Squeezing Out Sparks

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Squeezing Out Sparks
Squeezing out sparks cover.jpg
Studio album by
ReleasedMarch 1979
RecordedLansdowne Studios, London
GenreNew wave[1]
ProducerJack Nitzsche
Graham Parker chronology
The Parkerilla
Squeezing Out Sparks
The Up Escalator
Singles from Squeezing Out Sparks
  1. "Protection"
    Released: 23 February 1979 (UK)
  2. "Discovering Japan"
    Released: 4 May 1979 (UK)
  3. "Local Girls"
    Released: July 1979 (US)

Squeezing Out Sparks is the fourth studio album by English singer-songwriter Graham Parker and his band the Rumour. The album was released in March 1979. Although the Rumour were not credited on the cover, their name was included on the album label.

Critically acclaimed, Squeezing Out Sparks was voted album of the year in The Village Voice's year-end Pazz & Jop critics' poll and later ranked number 334 on Rolling Stone magazine's list of the 500 greatest albums of all time.


Squeezing Out Sparks transcends the medium. I don't think there's anything as good as that by anybody anywhere. And I don't even take credit for it. I don't know what happened. I blacked out.

– Graham Parker[2]

Whereas Parker's previous albums were notable for their strong soul influences, with many prominent tracks and singles including a horn section, on Squeezing Out Sparks producer Jack Nitzsche favoured a rawer sound. Coincidentally, popular punk band the Clash were undergoing a reverse process, trying to expand their musical arrangements. Therefore, the Rumour's rhythm and blues session players went on to record all the horn parts in the Clash's third and praised record London Calling.

Parker explained the recording process in an interview, saying:

The album took eleven days to record. It took two days to get the studio [Lansdowne Studios in London] working because it had only been used by Acker Bilk and things like that. The third day we managed to play a song, and Jack said, 'Come and listen to this.' There was just this big mess coming out. So Jack and I went up to his hotel room and I told him we wanted to get back to fundamentals but we didn't know how to. I said, 'Jack, you gotta say what you think.' He was a bit paranoid about criticizing the band. I said to him, 'Jack, we're English. We sneer, we're cynical, we're miserable. But we really don’t mean it.' So the next day we came in, and anything he said, I said, 'Yeah, come on. Carry on. Wot? Wot? Come on, say it. Here, have another beer.' And eventually we got it out.[3]

The album was originally written to follow a greater concept about growing up in suburbia. Parker explained, "I was kind of attempting a concept album about the suburbs of England, or at least trying to capture a vague approximation of suburban life. ... I guess I drifted off the mark there for the rest of the record because the concept turned out to be a little confining for a whole album."[4] This is reflected in the lyrics to songs such as "Local Girls" and "Saturday Nite Is Dead".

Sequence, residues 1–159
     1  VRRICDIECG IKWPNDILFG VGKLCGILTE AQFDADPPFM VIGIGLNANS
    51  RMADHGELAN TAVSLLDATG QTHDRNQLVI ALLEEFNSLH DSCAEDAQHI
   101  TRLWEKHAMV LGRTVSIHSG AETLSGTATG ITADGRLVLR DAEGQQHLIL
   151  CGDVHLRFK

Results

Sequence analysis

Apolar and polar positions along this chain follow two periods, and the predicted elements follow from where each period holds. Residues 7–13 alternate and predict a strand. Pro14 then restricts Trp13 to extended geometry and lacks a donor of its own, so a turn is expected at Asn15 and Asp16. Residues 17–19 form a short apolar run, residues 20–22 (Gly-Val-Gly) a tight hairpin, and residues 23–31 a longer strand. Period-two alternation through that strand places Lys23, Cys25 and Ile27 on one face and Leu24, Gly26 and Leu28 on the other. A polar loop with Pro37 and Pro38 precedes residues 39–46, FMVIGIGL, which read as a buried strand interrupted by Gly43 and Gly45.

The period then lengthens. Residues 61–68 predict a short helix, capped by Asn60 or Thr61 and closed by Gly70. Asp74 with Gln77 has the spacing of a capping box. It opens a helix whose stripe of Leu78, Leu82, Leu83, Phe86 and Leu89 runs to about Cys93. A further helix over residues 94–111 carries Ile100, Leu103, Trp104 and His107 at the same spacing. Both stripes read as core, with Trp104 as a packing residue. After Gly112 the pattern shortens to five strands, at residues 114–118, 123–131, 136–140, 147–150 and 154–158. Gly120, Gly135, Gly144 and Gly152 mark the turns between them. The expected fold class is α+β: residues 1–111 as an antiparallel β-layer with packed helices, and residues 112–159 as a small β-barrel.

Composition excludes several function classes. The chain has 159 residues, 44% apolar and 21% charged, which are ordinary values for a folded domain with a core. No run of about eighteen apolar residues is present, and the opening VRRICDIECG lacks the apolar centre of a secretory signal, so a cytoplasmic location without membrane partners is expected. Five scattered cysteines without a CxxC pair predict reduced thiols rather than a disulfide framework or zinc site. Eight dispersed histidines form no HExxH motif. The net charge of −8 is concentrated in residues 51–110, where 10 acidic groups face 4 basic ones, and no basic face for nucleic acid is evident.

Music videos were made for "Local Girls" and "Protection", and the tracks "Discovering Japan" and "Passion Is No Ordinary Word" received radio airplay. In addition, "You Can't Be Too Strong", an uncharacteristic somber acoustic guitar ballad, met with controversy over its subject matter and narrative: a man's reflections on his girlfriend's abortion. Summing up the album, Parker stated, "Squeezing Out Sparks didn't have as much roots or swing, and there was no horn section on it. The songs were just great."[5]


Studio versions of "I Want You Back" (a Jackson 5 cover) and "Mercury Poisoning" were originally issued on a 45 rpm 7" single which was included with early copies of the album.

In 1996, Arista Records issued Squeezing Out Sparks + Live Sparks with the original ten tracks followed by live versions of the same songs, in the same order, plus live versions of the two bonus tracks, "I Want You Back (Alive)" and "Mercury Poisoning". Live Sparks had originally been released only as a limited edition, promotional picture disc LP.

Squeezing Out Sparks was reissued in the United Kingdom in 2001 by Mercury Records and Vertigo Records, with the two bonus studio tracks.

Critical reception[edit]

Professional ratings
Review scores
AllMusic5/5 stars[6]
Christgau's Record GuideA[7]
Encyclopedia of Popular Music4/5 stars[8]
The Rolling Stone Album Guide4/5 stars[9]
Smash Hits8/10[10]
Spin Alternative Record Guide7/10[11]
Uncut5/5 stars[12]

Squeezing Out Sparks was well received by contemporary critics. Robert Christgau of The Village Voice called it "[a]n amazing record" in a "A+"-rated review for The Village Voice, adding that "Parker's mood, which has narrowed into existential rage with a circumstantial root, makes for perfect, untamable rock and roll."[13] In Rolling Stone, Greil Marcus wrote that the album "is no landmark", but nonetheless praised it as an ambitious work that depicted "true fear and drama."[14] Squeezing Out Sparks was ranked among the top ten albums of the year for 1979 by NME, with "Protection" ranked among the year's top 50 tracks.[15] Critical reception for the album was capped by its being voted the best album of the year in the 1979 Village Voice Pazz & Jop critics' poll.[16]